Mark Tario


“IMTS is an idea incubator for me because I gather information there and the ideas just start churning in my mind. Soon it reaches a phase where I know I've got enough ‘mentally solidified’ to make it happen.”

Mark Tario of Accurate Gauge & Manufacturing (Rochester Hills, Mich.) feels like a kid in a candy store when he walks the floor at IMTS – the industry’s largest candy store, that is. As the engineering and safety manager for the last 30 years, Tario has focused on learning and excelling at all aspects of his company’s operations to become the best operations/plant manager he can be. As a result, he never stops hunting for new ways to make improvements – and IMTS is the place he comes for ideas and solutions.


Mark Tario

“Everybody has dreams for improving their business, but it takes more than generating ideas,” Tario said. “Being able to think about it, create it, bring it to life and improve what we do is so important. IMTS is an idea incubator for me because I gather information there and the ideas just start churning in my mind. Soon it reaches a phase where I know I’ve got enough ‘mentally solidified’ to make it happen. I feel many ideas are born out of opportunities that are disguised as challenges.”

Accurate Gauge & Manufacturing makes semi-truck axle carriers for most North American heavy duty axle suppliers, including Daimler, Dana, Meritor and Volvo Mack. The company has built a niche market in the industry and was one of the first to receive NSF International certification for the International Automotive Task Force 16949 standard for quality management. This was a major achievement for a dedicated team led by quality manager Darrin Soukup.

Success was no accident for Accurate Gauge & Manufacturing. For 52 years, the company has grown steadily from a small 1,200-sq. ft. building to three plants totaling 122,000 sq. ft. of manufacturing space. The key has been investing in modern facilities with state-of-the-art equipment, innovative processes and highly trained staff.

Mark Tario, CNC Programming & Problem Solving Specialist, Accurate Gauge & Mfg.
Mark Tario, CNC Programming & Problem Solving Specialist, Accurate Gauge & Mfg.

Value of Continuous Improvement

At the core of Accurate Gauge & Manufacturing is a strong belief in continuous improvement. It is Tario’s job to identify and fix variability in quality controlled characteristics of the entire manufacturing process to optimize stability and predictability.

“Working with power sanding tools makes the process very operator-dependent,” Tario said. “Is one worker going to grind an edge heavier than another, or miss some areas? If an operator slips while deburring, will it ruin a bore? We recognized these variables as roadblocks to maintaining high-quality parts and avoiding scrap.”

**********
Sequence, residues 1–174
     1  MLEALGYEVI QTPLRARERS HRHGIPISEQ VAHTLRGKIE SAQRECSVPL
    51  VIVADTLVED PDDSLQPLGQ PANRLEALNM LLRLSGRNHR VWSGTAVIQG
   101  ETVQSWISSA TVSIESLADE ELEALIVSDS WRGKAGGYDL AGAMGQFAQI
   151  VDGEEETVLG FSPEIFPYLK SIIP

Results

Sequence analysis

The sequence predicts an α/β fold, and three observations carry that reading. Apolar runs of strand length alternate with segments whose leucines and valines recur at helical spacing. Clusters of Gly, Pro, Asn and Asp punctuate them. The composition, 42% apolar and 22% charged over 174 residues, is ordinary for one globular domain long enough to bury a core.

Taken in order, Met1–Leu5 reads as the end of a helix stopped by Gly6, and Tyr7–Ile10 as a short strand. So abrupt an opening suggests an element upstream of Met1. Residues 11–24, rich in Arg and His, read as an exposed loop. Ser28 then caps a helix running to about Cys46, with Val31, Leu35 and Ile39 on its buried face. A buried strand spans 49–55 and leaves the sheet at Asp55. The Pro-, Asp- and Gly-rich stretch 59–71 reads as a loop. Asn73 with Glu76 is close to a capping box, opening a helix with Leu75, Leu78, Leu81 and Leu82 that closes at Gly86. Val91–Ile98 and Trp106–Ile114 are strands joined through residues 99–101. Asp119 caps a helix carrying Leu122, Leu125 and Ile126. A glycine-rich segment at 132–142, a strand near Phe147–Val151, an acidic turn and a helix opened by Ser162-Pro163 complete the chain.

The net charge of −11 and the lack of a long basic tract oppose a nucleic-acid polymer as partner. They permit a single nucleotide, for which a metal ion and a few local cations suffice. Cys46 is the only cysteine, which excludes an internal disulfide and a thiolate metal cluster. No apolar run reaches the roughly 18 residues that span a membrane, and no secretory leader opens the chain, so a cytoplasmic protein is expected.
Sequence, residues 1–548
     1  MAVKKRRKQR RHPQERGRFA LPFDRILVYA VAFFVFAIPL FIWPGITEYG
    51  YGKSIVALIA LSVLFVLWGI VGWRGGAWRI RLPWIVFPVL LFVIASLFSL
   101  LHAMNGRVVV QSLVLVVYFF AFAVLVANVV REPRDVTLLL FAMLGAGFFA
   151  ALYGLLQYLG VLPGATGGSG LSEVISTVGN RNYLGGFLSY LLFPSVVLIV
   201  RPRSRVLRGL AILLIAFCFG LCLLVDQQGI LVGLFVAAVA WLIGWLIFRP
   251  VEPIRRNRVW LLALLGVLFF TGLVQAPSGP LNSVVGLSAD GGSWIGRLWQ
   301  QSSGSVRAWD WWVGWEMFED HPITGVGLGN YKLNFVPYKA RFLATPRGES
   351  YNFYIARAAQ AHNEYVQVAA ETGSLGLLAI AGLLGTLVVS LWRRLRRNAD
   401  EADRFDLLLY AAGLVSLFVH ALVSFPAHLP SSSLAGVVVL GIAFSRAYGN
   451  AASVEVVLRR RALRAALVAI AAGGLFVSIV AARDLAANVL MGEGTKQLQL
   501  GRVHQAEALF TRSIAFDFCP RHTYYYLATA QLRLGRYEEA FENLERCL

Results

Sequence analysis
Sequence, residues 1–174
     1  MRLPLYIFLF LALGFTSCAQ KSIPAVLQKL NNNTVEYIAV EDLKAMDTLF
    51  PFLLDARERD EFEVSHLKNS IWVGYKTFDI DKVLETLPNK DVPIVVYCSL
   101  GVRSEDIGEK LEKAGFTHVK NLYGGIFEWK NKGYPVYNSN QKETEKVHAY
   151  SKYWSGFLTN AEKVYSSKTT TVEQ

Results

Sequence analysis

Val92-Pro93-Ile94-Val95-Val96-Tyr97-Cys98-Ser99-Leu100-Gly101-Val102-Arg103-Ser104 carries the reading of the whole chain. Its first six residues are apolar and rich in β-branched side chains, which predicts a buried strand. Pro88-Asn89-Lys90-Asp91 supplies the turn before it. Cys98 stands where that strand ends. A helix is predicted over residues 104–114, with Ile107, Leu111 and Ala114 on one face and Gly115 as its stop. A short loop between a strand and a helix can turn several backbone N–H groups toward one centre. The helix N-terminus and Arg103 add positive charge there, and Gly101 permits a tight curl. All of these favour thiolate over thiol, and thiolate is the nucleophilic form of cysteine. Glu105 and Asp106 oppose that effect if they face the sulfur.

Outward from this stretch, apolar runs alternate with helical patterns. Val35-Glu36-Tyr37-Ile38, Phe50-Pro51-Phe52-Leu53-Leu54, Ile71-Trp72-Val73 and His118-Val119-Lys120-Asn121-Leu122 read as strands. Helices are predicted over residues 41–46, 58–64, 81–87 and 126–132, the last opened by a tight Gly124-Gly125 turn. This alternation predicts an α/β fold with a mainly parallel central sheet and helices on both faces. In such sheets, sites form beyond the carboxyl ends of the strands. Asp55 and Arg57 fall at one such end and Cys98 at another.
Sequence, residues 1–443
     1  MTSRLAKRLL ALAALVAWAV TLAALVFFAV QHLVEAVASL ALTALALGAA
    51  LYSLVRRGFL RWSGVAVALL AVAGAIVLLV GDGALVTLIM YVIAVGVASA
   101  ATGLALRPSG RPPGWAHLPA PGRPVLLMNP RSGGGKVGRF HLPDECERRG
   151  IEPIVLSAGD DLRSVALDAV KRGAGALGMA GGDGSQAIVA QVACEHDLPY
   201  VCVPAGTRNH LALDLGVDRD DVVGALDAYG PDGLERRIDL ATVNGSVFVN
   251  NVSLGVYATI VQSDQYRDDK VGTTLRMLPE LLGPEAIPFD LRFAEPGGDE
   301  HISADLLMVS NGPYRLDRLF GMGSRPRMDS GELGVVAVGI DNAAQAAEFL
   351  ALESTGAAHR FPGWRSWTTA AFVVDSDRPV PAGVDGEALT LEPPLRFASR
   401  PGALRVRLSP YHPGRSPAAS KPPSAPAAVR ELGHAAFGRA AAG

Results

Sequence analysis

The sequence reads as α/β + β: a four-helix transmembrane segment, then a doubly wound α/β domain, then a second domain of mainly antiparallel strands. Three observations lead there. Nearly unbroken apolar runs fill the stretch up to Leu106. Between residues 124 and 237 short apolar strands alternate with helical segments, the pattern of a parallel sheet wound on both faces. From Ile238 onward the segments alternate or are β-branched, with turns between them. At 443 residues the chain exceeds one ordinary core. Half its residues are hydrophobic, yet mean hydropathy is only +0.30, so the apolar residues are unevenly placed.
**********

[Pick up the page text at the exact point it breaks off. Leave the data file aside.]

With this challenge in mind, Tario visited the Sugino Corp. booth at IMTS 2016 and learned about a chamfering tool with an axial float that would automate deburring. As a result, Accurate Gauge & Manufacturing bought Sugino tools. Now operators have less handwork and fewer chances for error, part quality is consistent and abrasive belt costs are much lower.

“Now that we’ve automated the deburring process, we use the same number of workers but we use them more wisely,” Tario said. “As the machine is running, operators can focus on quality and other productive activities. We have people anxiously awaiting these new tools to be implemented on their particular parts and programs.”

Growing Talent

The idea of continuous improvement goes into the way Tario sees employees, too. Fostering the growth of the next generation of machining and quality professionals is a top priority for Accurate Gauge & Manufacturing. Like the rest of the manufacturing industry, the company has seen a decline in available skilled laborers, so the company is growing their own professionals. Without the time and efforts invested in training, Tario firmly believes his company would not be what it is today.

At IMTS 2018, Accurate Gauge & Manufacturing paired experienced staff with younger team members to focus on areas that directly impact their work. This guidance helped rookies make the most of their time at the show. Tario knows first-hand how overwhelming the show can be without a plan of attack from his first IMTS experience in 1988.

“For my first IMTS, I was a sponge, soaking up as much as I could, as quickly as possible. It was awe inspiring, and I didn’t know where to go first,” Tario said. “To prevent that from happening to our staff, we chose mentor-mentee pairings this year to give them a chance to hone in on what they want and need to see, to find solutions that help them in their current roles. We want to empower them to find tools that help them do their work better.”

The teams will focus on the areas that matter most to them, including the Metal Cutting, Tooling & Workholding Systems, Quality Assurance, and Abrasive Machining/Sawing/Finishing Pavilions. For Tario, IMTS is the most efficient way to get comprehensive information to improve the company’s bottom line.

“I could spend weeks or months searching online for answers and solutions, but I’d never see the breadth or the depth of solutions I can see in just a few days at IMTS,” Tario said.

AMT’s Emerging Technology Center is a favorite place he goes to dream big for the future.

“I love to see new ideas,” Tario said. “What are the things that the dreamers have dreamed up that the doers have said, ‘We can use that.’ I want ideas that I can use, or ready solutions we can implement. It’s an amazing thing when people come together with ideas and start to brainstorm. You may come out of IMTS with something completely different from what you expected, but it’ll solve your challenge. I always want to see if somebody’s come up with a better mouse trap than I can.”

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